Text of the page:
In 1996, Abdalá Bucaram, a demagogic and unbelievably vulgar “populist,” representing a party with left wing rhetoric and right wing policies, won the presidency and ring-mastered a governmental circus that was overthrown by a Congress-led, military supported and bloodless coup d’etat which followed two days of massive nation-wide general strike in February of 1997. With more than a bit of theatric irony, Bucaram, who proudly calls himself El Loco, was ousted by the Ecuadorian Congress on the constitutional ground of “mental incompetence,” and went into exile in Panama. Immediately, the Congress, in violation of the constitution, appointed its own leader, Fabian Alarcón, as interim president, bypassing the legitimate successor, the elected Vice President, Rosalía Arteaga, who had the misfortune to have been born of the wrong gender.
In August of 1998, under the banner of the center-right Popular Democracy party, Jamil Mahuad, a former mayor of Quito, Ecuador’s capital city, began a four year presidential term, having barely edged out Alvaro Noboa, heir to Ecuador’s largest banana fortune and the country’s wealthiest individual, a man with no prior political experience other than an appointed position in the government of Bucaram, who would no doubt have returned from exile should Noboa have won. Mahuad proceeded to implement a “paquetizo,” a package of economic policies far more stringent and devastating than those proposed by and which lead to the ouster of Bucaram. By mid-1999 the government had more than doubled the price of gasoline, devalued the currency, and raised the cost of public utilities as much as five hundred percent. A nation-wide banking crisis in the spring had lead to a week-long closure of all banks and was followed by the freezing of bank accounts. Hundreds of thousands of Ecuadorians lost their life savings. Things came to a head in early July, when a two day general strike called for by transportation workers ended up shutting down Ecuador’s inter-regional transportation for nearly two weeks.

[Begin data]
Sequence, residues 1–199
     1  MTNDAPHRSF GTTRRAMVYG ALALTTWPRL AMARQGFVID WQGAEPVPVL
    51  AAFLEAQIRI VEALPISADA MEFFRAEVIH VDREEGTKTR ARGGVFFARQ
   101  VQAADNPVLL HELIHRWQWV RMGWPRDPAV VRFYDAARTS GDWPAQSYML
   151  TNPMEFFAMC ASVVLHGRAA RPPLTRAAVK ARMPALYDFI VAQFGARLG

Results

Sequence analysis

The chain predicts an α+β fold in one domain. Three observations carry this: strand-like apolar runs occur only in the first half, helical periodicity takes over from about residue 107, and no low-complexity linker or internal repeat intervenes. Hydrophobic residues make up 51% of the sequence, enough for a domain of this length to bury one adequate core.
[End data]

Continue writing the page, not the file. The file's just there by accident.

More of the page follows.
The only political party in Ecuador with representation in Congress that as a matter of policy advocates the cessation of external debt payments is the Marxist-Leninist oriented Movement for Popular Democracy (MPD), which draws its major support from the teachers’ union and middle class professionals. A handful of so-called “center-left” parties, who always morph into center-right should they capture the presidency, will sometimes echo such demand while in opposition. However, nothing less than extraordinary circumstances can explain the unilateral withholding of a scheduled debt payment, particularly when such an action is taken by a government with no pretence toward or prior history of radicalism.
It is interesting to note that Ecuador is not among those countries for which the IMF is seriously considering the forgiving of past debt. Ostensibly this is because of Ecuador’s relative “wealth,” which fails to take into account its skewed distribution, and because of the endemic corruption within the political process. However, even if Ecuador were to be magically freed of the Albatross of external debt, apart from some undeniable short term benefit, this would not begin to solve the structural problems that lie at the root of the nation’s tragic history.
Crippling external debt is the symptom not the cause of Ecuador’s woes, and it can be argued that the same is substantially the same for virtually every Latin American nation. In short, given its history of external resource exploitation which presents us with today’s reality, a reality characterized by brutal discrepancies in the distribution of wealth and an overall dearth of both physical infrastructure (roads, utilities, sanitation) and social infrastructure (health, education, democratic government), Ecuador simply is not a viable political/economic unit. As government after government has proven, no amount of reform, be it of the strong armed neo-Liberal variety, which is the current style, or the more traditional borrow and spend (or steal) it variety, will get to the root of the problem.